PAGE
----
Mason City School District teachers have put out a warning that they may strike against the superintendent's "questionable" leadership.
The teachers are criticizing the district's superintendent for cutting programs.
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(Photo by Terry Helmer)
Superintendent Gail Kist-Kline
MASON, Ohio -- Mason City School District teachers have put out a warning that they may strike against the superintendent's "questionable" leadership.
Some 650 members were given the authority to strike Wednesday, according to the Mason Education Association President Karrie Strickland. The negotiations team would give a "10-day strike notice" if the union decides to move forward.
“Mason teachers have been bargaining since April, including using the services of a Federal Mediator," Strickland said. "As of yesterday (Tuesday), no agreement has been reached. We are certainly hopeful that negotiations will continue during the summer months, and a contract settlement will be reached. We would like nothing more than to only focus on teaching our students.”
The Mason educators walked together from Mason Middle School to the high school along Mason Montgomery Road Thursday morning, as they headed to their end of year breakfast with the Superintendent Gail Kist-Kline.
News of the possible strike comes in a statement from the Mason Education Association (MEA) criticizing the superintendent for altering programs and jeopardizing the reputation of Mason schools. The association has great concern for the Kist-Kline's leadership and believes she's taking the district down the wrong path, Strickland said.
Strickland said that under Kist-Kline's rule, classroom support has been cut, educational facilities have been eliminated and academic programs have been reduced. MAE doesn't want the district's reputation to fall as a result of the changes.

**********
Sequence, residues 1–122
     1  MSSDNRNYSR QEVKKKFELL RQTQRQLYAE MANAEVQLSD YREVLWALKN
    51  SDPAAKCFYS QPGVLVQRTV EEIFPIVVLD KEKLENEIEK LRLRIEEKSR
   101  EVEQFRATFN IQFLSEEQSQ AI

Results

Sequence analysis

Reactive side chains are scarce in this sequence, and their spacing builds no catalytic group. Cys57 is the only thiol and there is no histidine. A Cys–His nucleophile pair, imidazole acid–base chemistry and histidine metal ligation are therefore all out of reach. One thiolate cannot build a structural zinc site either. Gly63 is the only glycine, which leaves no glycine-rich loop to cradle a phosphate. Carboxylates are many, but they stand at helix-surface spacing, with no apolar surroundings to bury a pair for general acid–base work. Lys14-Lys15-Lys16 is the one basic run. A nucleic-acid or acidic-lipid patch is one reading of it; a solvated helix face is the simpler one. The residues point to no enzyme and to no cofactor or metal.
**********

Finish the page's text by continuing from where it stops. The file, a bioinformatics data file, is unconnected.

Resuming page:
“Mason teachers greatly value the support of the Mason community. The Mason community deserves a top quality educational institution that draws on our history and tradition of excellence," Strickland said. "However, the path we are on is a dangerous one."
The strike would occur if no negotiation is reached in the teachers' contracts.
"We are hopeful and we believe in what we do each day as a group," she said. "As teachers we're dedicated to our children - they come first and as they leave for the summer, now it's time for us to get busy, work together, and get this thing settled."
School Board President Kevin Wise said the board supports Kist-Kline and said the district wants to work with the teacher's union.
Ware issued the following statement Wednesday:
"The Board would urge everyone to keep in context that this vote comes at a time when the parties are in the midst of negotiations. The Board fully supports Dr. Kist-Kline and has confidence in her leadership. The Board hired Dr. Kist-Kline following a levy failure, and asked her to lead during a time of economic challenge that required us to improve efficiency and make difficult decisions. Under Dr. Kist-Kline's leadership, the district improved academic quality, while reducing costs in a way that protected the classroom. Economic sustainability is key. Dr. Kist-Kline and our board are committed to providing a wage and benefit package that keeps the school district in line with the market. We will continue to have dialogue with the teachers union on reaching a settlement that achieves this goal."